Audley Moore, Black Women’s Activism, and Nationalist Politics

Keisha Blain

“Audley “Queen Mother” Moore had fond memories of Marcus Garvey, the charismatic Black nationalist leader of the Universal Negro Improvement Association (UNIA), the largest and most influential global Black nationalist movement of the twentieth century. Recounting a story in a 1973 interview with the Black Scholar, Moore vividly describes the first time she heard Garvey speak in New Orleans, Louisiana in 1920:

We heard that Garvey was coming to New Orleans, but the police would not allow him to speak. Garvey came and they arrested him. The people raised so much sand until they had to let him out the next night.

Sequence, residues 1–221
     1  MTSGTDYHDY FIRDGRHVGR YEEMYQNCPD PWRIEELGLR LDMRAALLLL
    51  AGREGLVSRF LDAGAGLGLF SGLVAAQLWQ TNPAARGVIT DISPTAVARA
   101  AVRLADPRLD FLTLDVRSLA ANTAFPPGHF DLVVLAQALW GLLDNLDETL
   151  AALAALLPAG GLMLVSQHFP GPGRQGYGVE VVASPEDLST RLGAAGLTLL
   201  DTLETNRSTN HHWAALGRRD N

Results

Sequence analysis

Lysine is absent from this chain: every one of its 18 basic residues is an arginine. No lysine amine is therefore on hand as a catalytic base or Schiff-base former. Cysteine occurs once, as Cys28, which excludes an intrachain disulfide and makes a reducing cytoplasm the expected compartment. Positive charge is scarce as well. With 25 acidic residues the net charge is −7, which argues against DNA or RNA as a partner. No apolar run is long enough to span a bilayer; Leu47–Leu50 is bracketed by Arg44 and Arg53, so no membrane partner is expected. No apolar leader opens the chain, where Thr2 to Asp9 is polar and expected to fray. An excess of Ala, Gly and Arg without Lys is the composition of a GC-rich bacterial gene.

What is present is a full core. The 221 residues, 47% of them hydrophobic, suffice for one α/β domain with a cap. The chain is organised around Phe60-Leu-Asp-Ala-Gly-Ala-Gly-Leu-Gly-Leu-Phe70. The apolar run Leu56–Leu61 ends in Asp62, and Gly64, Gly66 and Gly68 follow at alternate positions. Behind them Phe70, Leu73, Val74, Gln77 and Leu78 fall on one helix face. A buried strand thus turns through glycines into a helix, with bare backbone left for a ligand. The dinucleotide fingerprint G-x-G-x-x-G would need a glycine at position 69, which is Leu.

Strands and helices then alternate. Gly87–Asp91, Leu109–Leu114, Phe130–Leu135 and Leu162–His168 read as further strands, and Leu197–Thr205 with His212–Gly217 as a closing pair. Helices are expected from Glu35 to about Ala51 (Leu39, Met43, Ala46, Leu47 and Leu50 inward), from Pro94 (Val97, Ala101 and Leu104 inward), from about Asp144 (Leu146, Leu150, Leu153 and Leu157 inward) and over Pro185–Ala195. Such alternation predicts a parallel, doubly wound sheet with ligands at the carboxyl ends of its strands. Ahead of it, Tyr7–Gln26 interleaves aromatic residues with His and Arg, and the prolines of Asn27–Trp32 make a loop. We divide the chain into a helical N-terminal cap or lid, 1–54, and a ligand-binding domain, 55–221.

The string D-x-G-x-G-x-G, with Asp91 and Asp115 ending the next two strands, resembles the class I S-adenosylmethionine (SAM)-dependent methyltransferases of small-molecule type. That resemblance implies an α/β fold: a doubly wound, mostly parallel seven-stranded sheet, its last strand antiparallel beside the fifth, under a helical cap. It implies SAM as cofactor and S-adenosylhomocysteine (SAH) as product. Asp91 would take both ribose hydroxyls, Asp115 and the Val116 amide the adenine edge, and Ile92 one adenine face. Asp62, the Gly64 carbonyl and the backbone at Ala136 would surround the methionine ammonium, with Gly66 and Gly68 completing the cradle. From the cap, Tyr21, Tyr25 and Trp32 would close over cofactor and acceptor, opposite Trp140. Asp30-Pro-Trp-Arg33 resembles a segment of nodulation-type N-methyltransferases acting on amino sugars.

When local police officials tried to block Garvey from speaking during the second night, Moore describes a tense scene in which she and others pulled out guns in defense of Garvey’s right to speak. She explained it this way: “I had two guns-one in my bosom and one in my pocketbook . . . Everybody was told, and everybody knew they had to come armed. We wanted that freedom.” Standing with a crowd of Black supporters—all with guns in the air—Moore joined the chorus of voices shouting, “Speak, Garvey, speak!”1 Moore’s first encounter with Garvey that evening marked the beginning of her political journey into Black nationalist and radical politics.”